Not every time food, in this post we highlight 10 popular African Non-alcoholic drinks worth the hype.
- Mazagran – Algeria
- Amasi – South Africa
- Zobo – Nigeria
- Café Touba – Touba, Senegal
- Sobolo- Ghana
- Leite azedo – Namibe province, Angola
- Oshikundu – Namibia
- Maghrebi Mint Tea
1. Mazagran – Algeria
Mazagran, often referred to as the “original ice coffee,” is made by mixing coffee with ice.
The beverage is typically served in a tall, thin glass or a porcelain or clay glass. According to research, it’s claimed that the name comes from Mazagran, a port city in Algeria that France received as part of the Treaty of Tafna in 1837.
While the actual origins of the beverage are unknown, it is generally accepted that French troops stationed at Mazagran drank a similar concoction of coffee and water to beat the heat and since sugar and water were not readily accessible.
Later, the beverage expanded mostly to France, however there are other comparable and more widely used variations in Portugal and Austria.
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2. Amasi – South Africa
Amasi is a popular traditional fermented milk drink from South Africa that has many beneficial nutrients, which is one of the things that make it so popular.
Among the numerous African non-alcoholic drinks to choose from, this one is indeed a delight.
It has a thick and creamy texture and a tangy, milky flavor that some have compared to a cross between yogurt and cottage cheese.
Amasi is a fantastic source of protein, calcium, iron, magnesium, and probiotic microorganisms. It can be consumed on its own or, for added sweetness, in combination with honey and fruit.
3. Zobo – Nigeria
The Nigerian beverage zobo, often called zoborodo, is produced from dried roselle leaves, a type of hibiscus.
The name varies depending on the nation; for example, it is known as sorrel in the Caribbean and karkade in Sudan.
Zobo is one of the tastier African non-alcoholic drinks that can be used to control blood pressure, lower cholesterol, and relieve stress and is produced with water, dried roselle leaves, garlic, ginger, and pineapple.
4. Café Touba – Touba, Senegal
Senegalese Café Touba is a hot, peppery coffee. Selim, also known as Guinea pepper, Kani pepper, Kili pepper, or djar, is a spice that is normally used in place of pepper in the preparation of coffee.
Cloves are another essential in the mixture of this drink. The coffee is made from the powder, typically using a filter, and then customarily poured between two vessels several times.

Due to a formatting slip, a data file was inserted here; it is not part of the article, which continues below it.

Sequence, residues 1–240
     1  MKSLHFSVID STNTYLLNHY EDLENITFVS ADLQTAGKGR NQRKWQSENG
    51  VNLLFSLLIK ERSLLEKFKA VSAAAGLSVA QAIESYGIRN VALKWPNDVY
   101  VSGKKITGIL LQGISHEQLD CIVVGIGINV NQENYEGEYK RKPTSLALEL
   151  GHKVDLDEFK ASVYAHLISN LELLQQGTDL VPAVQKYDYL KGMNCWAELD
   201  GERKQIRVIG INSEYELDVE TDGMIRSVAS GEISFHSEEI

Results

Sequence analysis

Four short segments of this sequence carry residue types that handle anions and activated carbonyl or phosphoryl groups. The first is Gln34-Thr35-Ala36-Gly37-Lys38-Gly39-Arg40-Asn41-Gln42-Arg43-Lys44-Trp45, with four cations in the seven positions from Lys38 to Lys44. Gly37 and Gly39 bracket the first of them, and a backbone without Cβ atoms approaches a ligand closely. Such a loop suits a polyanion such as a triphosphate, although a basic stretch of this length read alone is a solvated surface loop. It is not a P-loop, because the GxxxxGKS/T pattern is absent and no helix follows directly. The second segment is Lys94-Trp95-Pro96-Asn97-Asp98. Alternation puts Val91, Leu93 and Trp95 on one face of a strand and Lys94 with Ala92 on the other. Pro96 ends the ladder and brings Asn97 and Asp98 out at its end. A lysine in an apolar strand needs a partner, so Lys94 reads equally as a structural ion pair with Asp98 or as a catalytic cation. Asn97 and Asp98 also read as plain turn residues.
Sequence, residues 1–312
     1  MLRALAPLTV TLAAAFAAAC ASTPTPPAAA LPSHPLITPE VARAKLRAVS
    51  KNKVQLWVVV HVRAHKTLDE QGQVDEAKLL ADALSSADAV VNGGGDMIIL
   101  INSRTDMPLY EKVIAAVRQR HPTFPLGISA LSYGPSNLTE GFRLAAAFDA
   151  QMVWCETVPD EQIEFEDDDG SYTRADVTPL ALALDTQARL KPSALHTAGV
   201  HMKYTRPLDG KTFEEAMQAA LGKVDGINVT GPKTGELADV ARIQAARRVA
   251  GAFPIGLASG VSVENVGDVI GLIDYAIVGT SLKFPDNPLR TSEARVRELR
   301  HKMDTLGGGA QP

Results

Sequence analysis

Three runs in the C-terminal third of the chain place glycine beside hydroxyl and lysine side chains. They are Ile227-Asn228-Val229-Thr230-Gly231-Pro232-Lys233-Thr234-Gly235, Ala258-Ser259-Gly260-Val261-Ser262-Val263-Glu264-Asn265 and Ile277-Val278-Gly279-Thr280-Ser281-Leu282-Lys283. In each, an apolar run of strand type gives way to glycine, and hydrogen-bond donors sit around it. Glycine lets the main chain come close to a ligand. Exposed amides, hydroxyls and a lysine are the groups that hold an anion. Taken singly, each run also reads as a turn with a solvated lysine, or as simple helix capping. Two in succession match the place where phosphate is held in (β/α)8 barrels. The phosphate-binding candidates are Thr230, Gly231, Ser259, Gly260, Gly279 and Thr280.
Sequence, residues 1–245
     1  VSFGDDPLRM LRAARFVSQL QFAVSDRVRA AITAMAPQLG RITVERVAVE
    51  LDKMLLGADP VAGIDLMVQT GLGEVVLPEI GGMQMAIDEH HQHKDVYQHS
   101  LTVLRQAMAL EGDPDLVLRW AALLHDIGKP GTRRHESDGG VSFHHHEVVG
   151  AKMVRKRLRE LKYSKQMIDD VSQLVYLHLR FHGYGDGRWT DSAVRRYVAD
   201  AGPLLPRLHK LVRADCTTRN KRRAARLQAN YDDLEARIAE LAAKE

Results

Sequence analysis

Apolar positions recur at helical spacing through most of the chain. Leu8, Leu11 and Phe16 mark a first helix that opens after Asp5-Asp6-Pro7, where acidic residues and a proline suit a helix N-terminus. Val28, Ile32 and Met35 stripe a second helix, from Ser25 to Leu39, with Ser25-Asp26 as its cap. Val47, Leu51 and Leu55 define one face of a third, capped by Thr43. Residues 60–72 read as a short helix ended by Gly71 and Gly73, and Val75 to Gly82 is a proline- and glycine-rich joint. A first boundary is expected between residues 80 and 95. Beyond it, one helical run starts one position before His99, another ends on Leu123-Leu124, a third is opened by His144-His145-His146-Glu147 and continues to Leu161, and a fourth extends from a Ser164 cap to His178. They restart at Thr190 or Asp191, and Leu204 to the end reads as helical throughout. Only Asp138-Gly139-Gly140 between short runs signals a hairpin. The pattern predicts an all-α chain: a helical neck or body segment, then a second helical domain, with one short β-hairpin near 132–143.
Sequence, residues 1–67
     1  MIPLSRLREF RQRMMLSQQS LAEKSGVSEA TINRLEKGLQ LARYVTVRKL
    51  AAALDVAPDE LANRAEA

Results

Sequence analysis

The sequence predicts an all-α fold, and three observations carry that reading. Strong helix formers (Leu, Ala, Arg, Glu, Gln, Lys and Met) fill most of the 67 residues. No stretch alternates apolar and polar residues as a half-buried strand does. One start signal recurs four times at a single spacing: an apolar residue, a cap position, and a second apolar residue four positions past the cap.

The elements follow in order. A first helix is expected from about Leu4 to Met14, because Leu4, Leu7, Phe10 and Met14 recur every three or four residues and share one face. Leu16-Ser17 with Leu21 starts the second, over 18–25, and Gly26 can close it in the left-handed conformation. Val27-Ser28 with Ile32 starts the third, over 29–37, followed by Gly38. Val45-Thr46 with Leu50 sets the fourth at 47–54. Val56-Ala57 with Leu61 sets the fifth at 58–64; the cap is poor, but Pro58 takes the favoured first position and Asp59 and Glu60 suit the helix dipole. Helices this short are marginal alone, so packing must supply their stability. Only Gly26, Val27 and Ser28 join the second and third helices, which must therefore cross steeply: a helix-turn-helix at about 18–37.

Researchers claim that the Sufi Mouride Brotherhood’s Cheikh Amadou Bamba Mbacke, who also founded the city of Touba, is credited with creating the beverage.
5. Sobolo- Ghana
The delightful beverage sobolo, commonly referred to as hibiscus tea, is indigenous to Ghana. It can be prepared from either the leaves or the blooms of the West African-native hibiscus species known as roselle.
This drink is similar to what Nigerians call Zobo.
After steeping the leaves or flowers in hot water until the liquid turns red, it is filtered, sweetened, and allowed to cool.
Sobolo often has a dark purple-red hue, and its flavor has been compared to cranberry juice and grape juice. It offers many health advantages, including lowering cholesterol and blood pressure while also assisting in weight loss.
6. Leite azedo – Namibe province, Angola
The indigenous Mucubal community is noted for raising its own cattle (the Mucubi cattle), which provides them with cow’s milk that is then stored for prolonged usage.
This tradition has given rise to their long-standing process of preparing this sour milk known as leite azedo.
The milk is normally churned for about 30 minutes after being allowed to ferment for hours.
If you’re considering having African non-alcoholic drinks, then this is also a good option to go for.
7. Oshikundu – Namibia
Oshikundu is a fermented African non-alcoholic drink that originates in Namibia. Mahangu, sorghum flour, water, and typically pearl millet bran are all ingredients used to make it.
The mixture is allowed to ferment for a number of hours at room temperature. The end product has a thick texture and a brown tint. It is wholesome and has a limited shelf life. Oshikundu is a popular daily beverage that is typically home-brewed.
8. Maghrebi Mint Tea
The most popular name for the heavily sweetened blend of green tea and fresh spearmint is “Maghrebi mint tea.”
Although mint tea is frequently consumed throughout the Maghreb region of North Africa, it is most closely identified with Morocco.
In the traditional method, the tea is steeped in berrad teapots to create the “spirit,” which is then preserved for later use. The tea spirit and water are added after the leaves have been washed and brewed.